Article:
KSR v. Teleflex at "Spring Seminar 2007"
#1. The assertion that the CAFC "held" that motivation had to arise from the nature of the problem to be solved.
#2. The assertion that after the CAFC decision a patentee may use TSM to prove nonobviousness, but TSM is not used to prove obviousness.
Of the first point (#1), one notes
A. The patent challenger was free to choose from among MANY ways to establish TSM
The non-precedential case reported at 119 Fed.Appx. 282 states:
"The reason, suggestion, or motivation to combine [prior art
references] may be found explicitly or implicitly: 1) in the prior art references
themselves; 2) in the knowledge of those of ordinary skill in the art that certain
references, or disclosures in those references, are of special interest
or importance in the field; or 3) from the nature of the problem to be
solved, 'leading inventors to look to references relating to possible solutions
to that problem.' " Ruiz v. A.B. Chance Co., 234 F.3d 654, 665
(Fed.Cir.2000) (quoting Pro-Mold, 75 F.3d at 1572)
B. It's the challenger's burden to establish TSM
"The grant of summary judgment of invalidity for obviousness must be
done on a claim by claim basis." Knoll Pharm., 367 F.3d at 1383. Because
patents are presumed valid, "[t]he accused infringer must prove by clear and
convincing evidence that each claim that is challenged cannot reasonably be held
to be non-obvious." Id.; see also Monarch Knitting Mach. Corp. v. Sulzer
Morat GmbH, 139 F.3d 877, 881 (Fed.Cir.1998). Clear and convincing evidence
exists when the movant "place[s] in the mind of the ultimate fact finder an
abiding conviction that the truth of its factual contentions are 'highly
C. At the CAFC level, the CAFC analyzed a record in which there was an attempt to establish TSM via "nature of the problem to be solved" AND the CAFC found THAT argument insufficient. The CAFC never ruled that a patent challenger could only prove TSM via "nature of the problem to be solved." The CAFC noted:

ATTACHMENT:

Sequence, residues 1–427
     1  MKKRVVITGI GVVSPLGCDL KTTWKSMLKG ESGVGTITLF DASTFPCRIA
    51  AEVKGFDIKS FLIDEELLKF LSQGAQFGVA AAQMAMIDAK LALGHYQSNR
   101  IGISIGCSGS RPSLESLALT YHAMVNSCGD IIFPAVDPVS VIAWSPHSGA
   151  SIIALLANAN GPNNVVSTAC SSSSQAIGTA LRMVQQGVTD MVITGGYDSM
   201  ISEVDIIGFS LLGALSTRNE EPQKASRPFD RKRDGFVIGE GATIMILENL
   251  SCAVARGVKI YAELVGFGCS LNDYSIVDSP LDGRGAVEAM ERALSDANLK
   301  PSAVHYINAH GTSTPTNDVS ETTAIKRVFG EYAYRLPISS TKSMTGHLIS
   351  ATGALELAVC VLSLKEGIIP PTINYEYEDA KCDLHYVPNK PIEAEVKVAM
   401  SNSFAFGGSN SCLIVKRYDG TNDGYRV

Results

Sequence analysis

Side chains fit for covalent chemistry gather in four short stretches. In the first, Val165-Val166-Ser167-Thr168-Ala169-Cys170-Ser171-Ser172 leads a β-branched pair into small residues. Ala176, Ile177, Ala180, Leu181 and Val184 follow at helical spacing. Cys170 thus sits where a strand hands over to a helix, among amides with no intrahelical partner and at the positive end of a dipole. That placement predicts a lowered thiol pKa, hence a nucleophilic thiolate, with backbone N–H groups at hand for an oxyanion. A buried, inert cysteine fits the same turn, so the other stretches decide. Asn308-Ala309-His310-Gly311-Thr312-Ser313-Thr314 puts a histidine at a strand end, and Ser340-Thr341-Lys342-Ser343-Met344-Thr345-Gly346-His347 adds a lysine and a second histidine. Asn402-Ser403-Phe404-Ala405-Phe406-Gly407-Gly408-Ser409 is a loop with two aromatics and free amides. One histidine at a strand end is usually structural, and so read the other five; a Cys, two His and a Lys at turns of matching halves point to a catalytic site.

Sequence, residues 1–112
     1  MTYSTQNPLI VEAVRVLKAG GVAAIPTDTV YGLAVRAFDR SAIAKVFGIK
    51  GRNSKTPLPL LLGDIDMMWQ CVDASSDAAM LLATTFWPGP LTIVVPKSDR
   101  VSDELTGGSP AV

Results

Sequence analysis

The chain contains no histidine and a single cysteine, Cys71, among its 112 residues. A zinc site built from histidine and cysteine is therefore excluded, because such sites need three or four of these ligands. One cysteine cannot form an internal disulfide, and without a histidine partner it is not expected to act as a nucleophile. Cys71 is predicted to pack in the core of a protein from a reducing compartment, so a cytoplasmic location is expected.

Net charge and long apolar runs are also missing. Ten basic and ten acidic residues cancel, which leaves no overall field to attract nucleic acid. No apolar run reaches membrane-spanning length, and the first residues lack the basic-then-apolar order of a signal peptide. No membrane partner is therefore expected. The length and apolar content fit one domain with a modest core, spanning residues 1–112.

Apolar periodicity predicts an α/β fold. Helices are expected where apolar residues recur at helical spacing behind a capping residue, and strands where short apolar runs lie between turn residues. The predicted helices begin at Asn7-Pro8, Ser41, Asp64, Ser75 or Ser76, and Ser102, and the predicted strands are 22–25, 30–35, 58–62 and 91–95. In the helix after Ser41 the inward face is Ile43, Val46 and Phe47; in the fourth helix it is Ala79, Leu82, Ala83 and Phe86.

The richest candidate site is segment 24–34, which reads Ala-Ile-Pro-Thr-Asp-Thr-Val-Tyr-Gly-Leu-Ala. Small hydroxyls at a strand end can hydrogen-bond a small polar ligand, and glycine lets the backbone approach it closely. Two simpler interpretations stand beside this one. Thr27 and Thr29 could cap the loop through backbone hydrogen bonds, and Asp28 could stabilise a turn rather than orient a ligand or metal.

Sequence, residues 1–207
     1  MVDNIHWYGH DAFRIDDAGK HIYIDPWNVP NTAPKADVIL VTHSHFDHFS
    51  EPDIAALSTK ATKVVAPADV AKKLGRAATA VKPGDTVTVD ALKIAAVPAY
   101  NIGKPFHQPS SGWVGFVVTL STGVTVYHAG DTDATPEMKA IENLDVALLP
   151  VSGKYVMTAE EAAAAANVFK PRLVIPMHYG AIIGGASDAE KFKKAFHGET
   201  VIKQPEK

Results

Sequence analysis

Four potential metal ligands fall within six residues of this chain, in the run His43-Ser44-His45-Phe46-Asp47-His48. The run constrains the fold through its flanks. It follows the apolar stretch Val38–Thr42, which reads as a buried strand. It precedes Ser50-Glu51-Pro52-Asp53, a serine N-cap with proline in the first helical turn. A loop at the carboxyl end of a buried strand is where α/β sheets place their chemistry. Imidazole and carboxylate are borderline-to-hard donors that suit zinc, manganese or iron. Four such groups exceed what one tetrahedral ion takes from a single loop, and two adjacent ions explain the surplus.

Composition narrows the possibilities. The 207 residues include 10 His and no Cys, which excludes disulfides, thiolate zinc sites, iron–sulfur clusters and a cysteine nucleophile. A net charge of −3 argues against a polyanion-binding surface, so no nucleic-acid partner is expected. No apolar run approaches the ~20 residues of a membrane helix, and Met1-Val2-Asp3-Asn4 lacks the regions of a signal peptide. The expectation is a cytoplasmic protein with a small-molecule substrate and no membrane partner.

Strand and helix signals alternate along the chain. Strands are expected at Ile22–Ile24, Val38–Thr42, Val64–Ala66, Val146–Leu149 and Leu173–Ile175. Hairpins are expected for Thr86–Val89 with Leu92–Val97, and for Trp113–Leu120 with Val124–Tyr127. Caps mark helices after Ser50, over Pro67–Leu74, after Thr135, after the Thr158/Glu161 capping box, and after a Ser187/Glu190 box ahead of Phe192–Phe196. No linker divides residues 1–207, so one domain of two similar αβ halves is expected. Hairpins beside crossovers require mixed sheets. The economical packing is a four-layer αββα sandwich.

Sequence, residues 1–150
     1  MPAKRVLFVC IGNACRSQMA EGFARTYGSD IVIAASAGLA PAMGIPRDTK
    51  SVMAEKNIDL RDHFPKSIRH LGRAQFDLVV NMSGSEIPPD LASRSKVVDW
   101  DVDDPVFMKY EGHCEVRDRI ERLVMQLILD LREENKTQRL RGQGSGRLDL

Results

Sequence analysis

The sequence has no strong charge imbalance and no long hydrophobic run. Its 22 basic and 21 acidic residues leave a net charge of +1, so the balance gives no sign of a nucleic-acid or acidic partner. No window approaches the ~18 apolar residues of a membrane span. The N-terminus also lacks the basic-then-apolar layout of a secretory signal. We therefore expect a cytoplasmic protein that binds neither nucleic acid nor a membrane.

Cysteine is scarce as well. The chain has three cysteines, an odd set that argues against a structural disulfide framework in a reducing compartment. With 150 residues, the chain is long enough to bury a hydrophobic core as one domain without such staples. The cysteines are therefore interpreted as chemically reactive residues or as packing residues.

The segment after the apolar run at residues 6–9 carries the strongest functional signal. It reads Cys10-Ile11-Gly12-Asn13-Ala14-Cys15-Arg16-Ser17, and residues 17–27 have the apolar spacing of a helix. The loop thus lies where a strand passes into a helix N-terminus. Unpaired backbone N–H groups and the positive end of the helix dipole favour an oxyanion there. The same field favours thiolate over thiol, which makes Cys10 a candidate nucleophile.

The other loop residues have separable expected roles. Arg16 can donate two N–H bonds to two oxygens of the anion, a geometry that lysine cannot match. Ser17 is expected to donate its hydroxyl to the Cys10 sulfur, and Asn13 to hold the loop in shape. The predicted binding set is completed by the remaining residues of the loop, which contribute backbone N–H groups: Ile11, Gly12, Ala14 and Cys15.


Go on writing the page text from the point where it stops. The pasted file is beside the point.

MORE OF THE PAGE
The district court based its finding of a suggestion or motivation to
combine largely on the nature of the problem to be solved by claim 4 of the
'565 patent. Id. at 593-94.
The CAFC analysis, and a foreshadowing of how the Supreme Court would handle the case, come from the following paragraph in the CAFC decision:
The district court correctly noted that the nature of the problem to
be solved may, under appropriate circumstances, provide a suggestion or
motivation to combine prior art references. However, the test requires
that the nature of the problem to be solved be such that it would have led a
person of ordinary skill in the art to combine the prior art teachings in the
particular manner claimed. See Rouffet, 149 F.3d at 1357. We have
recognized this situation when two prior art references address the precise
problem that the patentee was trying to solve. See Ruiz, 357 F.3d at 1276 ("This
record shows that the district court did not use hindsight in its obviousness
analysis, but properly found a motivation to combine because the two
references address precisely the same problem of underpinning existing
structural foundations."). In this case, the Asano patent does not
address the same problem as the '565 patent. The objective of the '565 patent was to design a smaller, less complex, and less expensive electronic pedal
assembly. The Asano patent, on the other hand, was directed at solving the
"constant ratio problem." [FN3] The district court's reliance on the problems
associated with the Rixon '593 patent similarly fails to provide a
sufficient motivation to combine. This is because the Rixon '593 patent does not
address the problem to be solved by the '595 patent; rather, it suffers from
the problem. The court did not explain how suffering from the problem
addressed by the '595 patent would have specifically motivated one skilled in the
art to attach an electronic control to the support bracket of the Asano
IPBiz notes that the CAFC didn't even rule out a "different problem" (which in any event would likely fall within one of the OTHER allowed categories for showing TSM: 1) in the prior art references themselves; 2) in the knowledge of those of ordinary skill in the art that certain references, or disclosures in those references, are of special interest or importance in the field; );
what was missing in the district court decision was an EXPLANATION.
Of the second point (#2):
The nonmovant may rebut a prima facie showing of obviousness with
evidence refuting the movant's case or with other objective evidence of
nonobviousness. See WMS Gaming, Inc. v. Int'l Game Tech., 184 F.3d 1339, 1359
IPBiz notes that the patent challenger has to make a prima facie case of obviousness. Either TSM is a requirement of the prima facie case or it isn't. If it is a requirement, then the patentee could rebut a prima facie case of obviousness (ie, establish nonobviousness) by showing "no TSM." IF TSM is NOT a requirement of a prima facie case of obviousness, then a showing of "no TSM" does NOT rebut a prima facie case of obviousness.
The Supreme Court did not say one way or another whether TSM is an element of the prima facie case. One might infer that, because the Supreme Court established ANOTHER way to show TSM ("different problem") and then applied the new way of showing TSM, the Supreme Court is saying TSM is a required element.
The problem is that the Supreme Court did NOT overrule previous Supreme Court cases (in which TSM was NOT an element) but the Supreme Court did NOT overrule previous CAFC cases (in which TSM was an element). Go figure.
Is TSM still required to establish obviousness?